This picture is my mom, Jessie Velelia Harmon, in her twenties. The glass “frame” is cracked but I couldn’t give it up, so I had the whole thing matted and framed. The raven black hair and ruby lips remind me of Snow White. But my mother didn’t have it as magically perfect as Snow did, although I hope there has been a happy ending. She was born in 1926, and her early years were years of survival for a poor country family in Cleburne County, Arkansas. She remembers the depression and has described for me “canning kitchens” provided by the government so women could gather together and preserve the produce from their gardens and fruit trees while the children played outside. Her family’s house burned at some point and they lost everything. She told me that lids from cans of lard served as plates until they could gradually accumulate more dishes. Dresses were sewn from flour sacks and glassware was found in oatmeal boxes. The icebox was literally a box with blocks of ice in it and cooking was done on a wood stove. I have seen the remains of the one-room school that she attended and heard stories of her life on “Silver Ridge.”
This photograph was made in the 1930s by Michael Disfarmer in Heber Springs, Arkansas. In our time he has achieved significant artistic recognition for his depression-era photographs. Negatives were made of glass. A picture cost thirty-five cents. My mom is on the right and stands with her sister Georgia in a classic Disfarmer pose. They walked or rode a wagon to neighborhood events, including the Old Soldiers’ Reunion, an annual event at Spring Park in Heber Springs. Her family attended every year, mostly for the music that could be heard.
In the 1940s things were looking up a bit. First her father, and then shortly thereafter, she, her mother and sister traveled to Kansas to work in an airplane factory. She was literally a “Rosie Riveter” for a short period of time. Georgia was too young to work in the factory, so she waited tables. It was in the late 1940s that Mother met my father, Lee Andrew Roberson, who had served in the Army on Guam as a sharpshooter. He had been married before going to war and had two sons, my half-brothers. However, his wife divorced him in a “dear John” moment and took the boys away from him, living in California and refusing to share his letters with them. It was only late in his life that he was reconciled to one of them after the other died of esophageal cancer.
He met my mom on a blind date. They fell in love. Here I am. But her story had just begun. For life continued to be sometimes easy but sometimes very hard. We were not well-off, probably not even middle class, in my infant years. But shortly after my birth, my parents moved to Noblesville, Indiana. Mother loved it there. We lived in a neighborhood and they owned a home. Daddy worked for the Firestone tire factory. They had friends. A baby boy joined the family, my brother Alan. However, my dad decided he was ready to come back to Arkansas about 1959. Mother was not happy about showing the house to prospective buyers, but a buyer materialized, and we moved to Judsonia, Arkansas. I was nine years old.
Finances continued to be an issue much of the time. Dad initially worked as custodian for the Searcy Public School but then trained to operate an American gas station. Some of you may remember, back then someone pumped your gas, cleaned your windshield and checked tires and oil, all for twenty-five cents a gallon. My mother had to learn to drive because he was required to go to Memphis for several days for his training. That’s right, she was thirty-four years old and didn’t drive!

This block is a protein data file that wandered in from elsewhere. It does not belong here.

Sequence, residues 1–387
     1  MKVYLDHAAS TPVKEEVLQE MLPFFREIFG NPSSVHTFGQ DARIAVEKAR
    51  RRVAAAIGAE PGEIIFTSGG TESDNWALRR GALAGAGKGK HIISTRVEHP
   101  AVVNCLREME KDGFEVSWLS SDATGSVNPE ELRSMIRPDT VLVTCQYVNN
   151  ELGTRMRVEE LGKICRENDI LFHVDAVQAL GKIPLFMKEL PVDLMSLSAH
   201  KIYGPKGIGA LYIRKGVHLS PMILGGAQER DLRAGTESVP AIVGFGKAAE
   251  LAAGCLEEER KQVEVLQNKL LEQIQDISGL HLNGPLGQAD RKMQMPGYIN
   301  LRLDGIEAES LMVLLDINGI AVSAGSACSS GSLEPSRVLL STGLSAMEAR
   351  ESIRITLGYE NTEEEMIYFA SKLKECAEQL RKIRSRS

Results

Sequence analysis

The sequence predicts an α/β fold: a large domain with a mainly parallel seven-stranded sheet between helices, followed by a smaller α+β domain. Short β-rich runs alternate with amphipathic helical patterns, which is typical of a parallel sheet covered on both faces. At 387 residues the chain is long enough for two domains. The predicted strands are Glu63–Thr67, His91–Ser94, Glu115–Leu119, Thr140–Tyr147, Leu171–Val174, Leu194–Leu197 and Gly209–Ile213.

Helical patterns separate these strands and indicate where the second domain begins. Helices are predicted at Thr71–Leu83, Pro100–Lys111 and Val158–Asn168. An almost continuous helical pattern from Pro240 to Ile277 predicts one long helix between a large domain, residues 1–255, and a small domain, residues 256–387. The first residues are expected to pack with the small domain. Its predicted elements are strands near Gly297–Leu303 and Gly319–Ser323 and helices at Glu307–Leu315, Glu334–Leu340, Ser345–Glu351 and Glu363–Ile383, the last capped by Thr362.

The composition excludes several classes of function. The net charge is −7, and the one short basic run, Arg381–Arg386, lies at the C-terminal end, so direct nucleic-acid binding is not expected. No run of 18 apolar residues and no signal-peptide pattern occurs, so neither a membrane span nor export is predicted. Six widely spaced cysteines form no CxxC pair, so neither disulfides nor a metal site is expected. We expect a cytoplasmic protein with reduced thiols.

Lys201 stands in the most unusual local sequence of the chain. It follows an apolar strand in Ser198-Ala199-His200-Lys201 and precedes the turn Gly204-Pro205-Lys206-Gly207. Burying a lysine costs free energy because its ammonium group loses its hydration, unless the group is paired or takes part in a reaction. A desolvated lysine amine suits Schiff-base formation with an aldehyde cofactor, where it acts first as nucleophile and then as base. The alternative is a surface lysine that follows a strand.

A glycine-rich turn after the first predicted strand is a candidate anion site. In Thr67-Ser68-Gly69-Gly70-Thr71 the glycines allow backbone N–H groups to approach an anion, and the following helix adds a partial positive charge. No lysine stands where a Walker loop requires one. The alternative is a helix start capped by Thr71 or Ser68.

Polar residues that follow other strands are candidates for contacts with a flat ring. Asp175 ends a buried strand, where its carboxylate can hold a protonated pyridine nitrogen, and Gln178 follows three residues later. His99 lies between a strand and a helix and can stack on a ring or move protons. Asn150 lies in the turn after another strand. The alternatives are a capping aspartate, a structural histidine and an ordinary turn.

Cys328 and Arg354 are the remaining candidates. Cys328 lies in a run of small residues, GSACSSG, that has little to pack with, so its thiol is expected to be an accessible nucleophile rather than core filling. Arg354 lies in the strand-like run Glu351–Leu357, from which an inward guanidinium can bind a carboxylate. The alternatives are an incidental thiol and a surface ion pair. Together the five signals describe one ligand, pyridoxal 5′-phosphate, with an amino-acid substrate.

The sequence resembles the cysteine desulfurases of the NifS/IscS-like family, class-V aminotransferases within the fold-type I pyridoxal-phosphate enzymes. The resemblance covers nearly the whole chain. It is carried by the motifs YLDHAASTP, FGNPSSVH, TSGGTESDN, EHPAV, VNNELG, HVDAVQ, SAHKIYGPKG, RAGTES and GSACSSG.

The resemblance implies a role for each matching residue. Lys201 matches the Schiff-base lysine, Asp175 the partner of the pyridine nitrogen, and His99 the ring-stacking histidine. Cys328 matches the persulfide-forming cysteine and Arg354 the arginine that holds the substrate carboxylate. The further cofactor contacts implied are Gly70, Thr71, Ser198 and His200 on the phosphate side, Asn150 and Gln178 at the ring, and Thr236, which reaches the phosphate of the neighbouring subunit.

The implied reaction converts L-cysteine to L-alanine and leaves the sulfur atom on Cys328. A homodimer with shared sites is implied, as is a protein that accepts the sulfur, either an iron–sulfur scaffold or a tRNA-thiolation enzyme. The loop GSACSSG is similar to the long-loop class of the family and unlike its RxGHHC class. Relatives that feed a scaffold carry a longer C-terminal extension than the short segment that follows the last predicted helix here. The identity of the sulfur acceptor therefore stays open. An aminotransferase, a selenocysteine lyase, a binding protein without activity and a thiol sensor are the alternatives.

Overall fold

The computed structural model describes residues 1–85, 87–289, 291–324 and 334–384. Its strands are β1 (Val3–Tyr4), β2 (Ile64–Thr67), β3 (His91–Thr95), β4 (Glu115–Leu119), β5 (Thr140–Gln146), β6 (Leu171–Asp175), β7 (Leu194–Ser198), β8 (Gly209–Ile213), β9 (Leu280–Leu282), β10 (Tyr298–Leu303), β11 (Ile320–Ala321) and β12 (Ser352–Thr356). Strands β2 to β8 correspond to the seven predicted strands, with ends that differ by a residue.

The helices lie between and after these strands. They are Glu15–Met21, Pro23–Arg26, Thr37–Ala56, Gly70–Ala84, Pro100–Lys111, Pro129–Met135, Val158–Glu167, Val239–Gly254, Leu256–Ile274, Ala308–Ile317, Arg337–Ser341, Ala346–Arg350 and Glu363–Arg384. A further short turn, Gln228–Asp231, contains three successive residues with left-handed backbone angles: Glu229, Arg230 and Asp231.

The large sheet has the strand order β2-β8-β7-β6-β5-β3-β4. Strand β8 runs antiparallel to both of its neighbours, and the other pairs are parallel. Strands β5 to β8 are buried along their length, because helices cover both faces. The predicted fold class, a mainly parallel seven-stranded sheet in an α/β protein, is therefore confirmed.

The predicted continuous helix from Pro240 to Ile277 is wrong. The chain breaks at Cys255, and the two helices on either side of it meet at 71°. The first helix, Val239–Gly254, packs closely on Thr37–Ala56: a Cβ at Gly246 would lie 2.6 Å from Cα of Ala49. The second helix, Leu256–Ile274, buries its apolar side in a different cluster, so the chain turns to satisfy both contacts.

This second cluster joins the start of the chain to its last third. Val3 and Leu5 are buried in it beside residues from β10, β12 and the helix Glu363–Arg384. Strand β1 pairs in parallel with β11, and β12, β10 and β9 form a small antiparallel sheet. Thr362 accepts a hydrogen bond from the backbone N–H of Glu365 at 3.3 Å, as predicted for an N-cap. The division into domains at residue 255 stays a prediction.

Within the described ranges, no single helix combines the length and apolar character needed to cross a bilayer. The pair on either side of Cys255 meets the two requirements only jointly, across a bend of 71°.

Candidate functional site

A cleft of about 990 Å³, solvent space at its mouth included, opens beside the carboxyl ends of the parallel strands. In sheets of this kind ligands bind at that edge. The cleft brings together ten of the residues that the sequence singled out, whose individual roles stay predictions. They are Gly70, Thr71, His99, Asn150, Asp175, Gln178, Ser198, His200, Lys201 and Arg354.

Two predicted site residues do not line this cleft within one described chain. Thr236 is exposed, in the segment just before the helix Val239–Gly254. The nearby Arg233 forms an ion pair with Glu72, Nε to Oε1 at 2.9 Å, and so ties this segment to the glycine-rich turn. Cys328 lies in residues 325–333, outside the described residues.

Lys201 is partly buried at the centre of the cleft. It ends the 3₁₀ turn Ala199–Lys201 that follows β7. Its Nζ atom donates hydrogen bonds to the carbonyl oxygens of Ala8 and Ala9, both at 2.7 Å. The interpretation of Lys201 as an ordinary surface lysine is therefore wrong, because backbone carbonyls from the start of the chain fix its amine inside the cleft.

We lived in a “rent house” for about four years, and then my dad and my Uncle Truman built us a house, the house my mother lives in now. At one point my parents built another house at Pleasant Plains and lived there for several years so dad could have cattle, but as his health failed, he was wise enough to seek a place closer to family for her. God blessed with an opportunity to once again buy the house he had built. He died about eighteen months after their move to Judsonia, and my mom has lived there alone for twenty-two years now.
She has been a wonderful mother and was a phenomenal caregiver for my dad. She has a love for plants, especially flowering ones, and a true green thumb. She grieves her inability to care for her lawn herself and still is constantly undertaking little tasks of caring for her plants. (You know, I remember when we would visit my grandparents we would always take a tour of the yard to see what was growing well and what was in bloom. Guess the green thumb is an inherited trait that skipped me!)
She finished only the eighth grade but has been a great reader all her life. However, macular degeneration and “dry eyes” have slowed her reading. She loves musical theatre and bluegrass music and her family. Above all, she loves the Lord. Her severe spinal stenosis and chronic pain keep her from church now, but she was working in Bible School into her 80s. She is a faithful Bible reader and prayer warrior.
Her 93rd birthday is approaching. Her mind is beginning to fail, and I am hopeful that at some time she will yield to living with us. But for now she insists on her house, her yard, and her cat. (The psychotic cat cannot come live with us–although we do have a prospective home for “Callie” if Mom comes to be with us. Callie is a calico with the personality disorder to match.)
I feel so blessed to still have my mom with us. She is a hero to me. She has taught me so much about living for the Lord and caring for family and strong southern lady spirit. I love her with all my heart.
We visited Mountain View a few years ago, when her back was still strong enough for the walk. This is one of my favorite pictures of her, in her element, questioning every plant and drinking in Arkansas history.
Happy Mother’s Day with more love than you know, Jessie Velelia Harmon Roberson, my mom!